From 80 to 6000, combing CG and Live-Action

If you need crowds of people to fill a scene, one way to achieve this is to get hundreds of supporting actors in place. The cost of this can add up of course, particularly if they require complex costumes. We needed to create a crowd of approximately 6000 people for the hanging scene in Poldark – Series 5, with a limited budget and limited time. This is how we achieved it…

The Process

Recce photograph showing the rough angle of the shot.
Art Department example of how the shot may look.

The scene is set in the courtyard of the Old Royal Naval College in Greenwich and shot from the gallows looking out to the crowd with the river behind. This also meant replacing the modern London skyline and boats with something more suitable for the period.

The budget wouldn’t allow for 6000 supporting actors (SA’s), so we needed another plan. There were two options that sprang to mind; multiple takes of a small group of SA’s layered up to multiply their numbers or a CG generated crowd. Actually, we used a combination of both techniques. 

It was important the front few rows of SA’s reacted correctly to the dialogue of the scene. Their costumes would also be seen in detail, as well as their faces. Realistically, this meant that using a CG generated crowd for the first three or four rows was not preferable given our budget. We had around 80 SA’s to utilise for the shot so their positioning was carefully planned in previz making sure they would be seen at the front of the crowd.

On the shoot day, groups of SA’s were positioned along the front line of the crowd. We carefully marked where the outer line of people was too. The action was shot with them in place, then they moved as a group to start where the previous group ended, repeating the action again, and so on until the space required was covered. We set up a large greenscreen behind the SA too which helped separate them from the background so the join between them could be created. In reality, there was some rotor-scoping to be done too as some of the SA’s overlapped each other in the different plates.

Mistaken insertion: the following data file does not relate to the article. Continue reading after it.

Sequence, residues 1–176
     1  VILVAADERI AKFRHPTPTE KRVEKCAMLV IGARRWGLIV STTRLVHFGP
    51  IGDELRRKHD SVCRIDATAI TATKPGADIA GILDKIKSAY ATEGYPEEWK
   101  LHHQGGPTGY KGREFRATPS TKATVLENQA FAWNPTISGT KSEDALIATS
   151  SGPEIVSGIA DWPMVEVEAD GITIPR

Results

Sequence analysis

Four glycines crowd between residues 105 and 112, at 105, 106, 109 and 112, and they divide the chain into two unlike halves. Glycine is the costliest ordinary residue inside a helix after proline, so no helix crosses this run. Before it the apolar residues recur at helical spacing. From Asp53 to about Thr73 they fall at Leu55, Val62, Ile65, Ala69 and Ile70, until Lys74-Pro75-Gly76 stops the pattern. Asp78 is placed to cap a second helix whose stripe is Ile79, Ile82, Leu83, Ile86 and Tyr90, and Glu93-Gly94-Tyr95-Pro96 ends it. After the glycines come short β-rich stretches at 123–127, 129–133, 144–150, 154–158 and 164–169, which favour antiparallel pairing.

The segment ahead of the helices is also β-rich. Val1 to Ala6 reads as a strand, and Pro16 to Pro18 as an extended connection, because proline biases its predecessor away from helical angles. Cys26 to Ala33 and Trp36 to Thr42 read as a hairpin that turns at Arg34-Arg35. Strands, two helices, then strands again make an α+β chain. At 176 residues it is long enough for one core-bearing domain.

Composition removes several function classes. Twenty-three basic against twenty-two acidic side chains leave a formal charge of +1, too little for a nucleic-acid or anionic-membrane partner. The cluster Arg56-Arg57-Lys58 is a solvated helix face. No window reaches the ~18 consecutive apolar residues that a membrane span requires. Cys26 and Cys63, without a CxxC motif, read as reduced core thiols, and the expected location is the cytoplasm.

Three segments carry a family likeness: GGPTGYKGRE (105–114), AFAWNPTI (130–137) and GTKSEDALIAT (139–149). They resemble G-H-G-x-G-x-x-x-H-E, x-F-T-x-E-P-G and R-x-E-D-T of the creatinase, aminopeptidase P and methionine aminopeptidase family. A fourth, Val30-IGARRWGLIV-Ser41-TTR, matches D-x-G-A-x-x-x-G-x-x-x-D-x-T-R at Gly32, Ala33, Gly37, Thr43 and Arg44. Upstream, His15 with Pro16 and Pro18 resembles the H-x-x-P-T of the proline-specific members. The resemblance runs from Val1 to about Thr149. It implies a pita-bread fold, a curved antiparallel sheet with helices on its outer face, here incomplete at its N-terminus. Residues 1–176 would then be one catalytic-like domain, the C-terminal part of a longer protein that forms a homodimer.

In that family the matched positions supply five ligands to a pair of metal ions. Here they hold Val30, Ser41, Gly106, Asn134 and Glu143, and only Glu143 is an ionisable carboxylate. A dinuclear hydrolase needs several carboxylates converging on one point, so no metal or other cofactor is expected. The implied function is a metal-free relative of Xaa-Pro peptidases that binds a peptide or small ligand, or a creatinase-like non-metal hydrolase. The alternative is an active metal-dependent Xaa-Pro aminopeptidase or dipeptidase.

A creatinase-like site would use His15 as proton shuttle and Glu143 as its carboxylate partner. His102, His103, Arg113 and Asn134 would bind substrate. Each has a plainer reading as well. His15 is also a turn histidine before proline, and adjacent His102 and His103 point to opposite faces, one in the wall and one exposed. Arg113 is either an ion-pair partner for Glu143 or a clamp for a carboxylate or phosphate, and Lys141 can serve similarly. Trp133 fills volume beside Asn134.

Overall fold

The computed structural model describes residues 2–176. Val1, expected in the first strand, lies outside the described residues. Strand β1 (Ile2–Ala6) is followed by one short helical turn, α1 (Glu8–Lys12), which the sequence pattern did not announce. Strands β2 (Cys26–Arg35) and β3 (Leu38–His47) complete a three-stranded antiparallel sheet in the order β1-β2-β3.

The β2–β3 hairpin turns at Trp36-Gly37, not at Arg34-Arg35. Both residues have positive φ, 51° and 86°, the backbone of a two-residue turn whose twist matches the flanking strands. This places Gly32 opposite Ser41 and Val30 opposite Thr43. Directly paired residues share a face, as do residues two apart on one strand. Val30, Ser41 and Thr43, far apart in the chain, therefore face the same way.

We also captured the additional footage of both the SA’s and the Guards in our Ambient Light-tent setup. This gave as additional action to place in the scene where appropriate – where there was a gap between people, or to fill an area towards the side for the crowd for example. The lighting in the tent is fairly ‘flat’ meaning it can be matched at the compositing stage which is helpful. Each person took it in turn to perform actions which we filmed in 8K. We also photographed hi-res reference shots of hats, shoes, and faces. This was organised into neat picture packages for use later by the Comp and 3d teams.

The main bulk of the crowd was generated in Houdini due to its suitability of working with large numbers of models and simulations. We used Motion Capture to give us realistic animation that was then applied to the Houdini characters. A number of different passes of animation were used to give a random feel of movement, plus some additional animation was mixed in too. The photographs and footage captured in the Ambient Capture Tent were used to achieve variation by changing skin tones and adding different hats to the models for example. We also mixed and matched costume amongst the models to avoid repetition. The quality of texturing was good enough for background characters.

The simulations were generated with cryptomattes too allowing the Comp team to adjust individual sections of the crowd, right down to their hats and faces for example. 

We researched how crowds of this size behave in reality. To avoid a very regimented feel to the crowd, we added in some live-action elements around the sides and towards the back of the crowd. This helped the CG characters to integrate a little better and add randomness to the outer parts of the scene. 

The background of the shot also needed changing. It was, of course, modern London so we created a DMP (Digital Matte Painting) using elements we’d gathered for previous shots, along with animating some boats of the river and little atmos in the air to tie it all together.

With careful planning and by combining our on-set and post-production skills, we can help you achieve incredible results for even the most complex shots.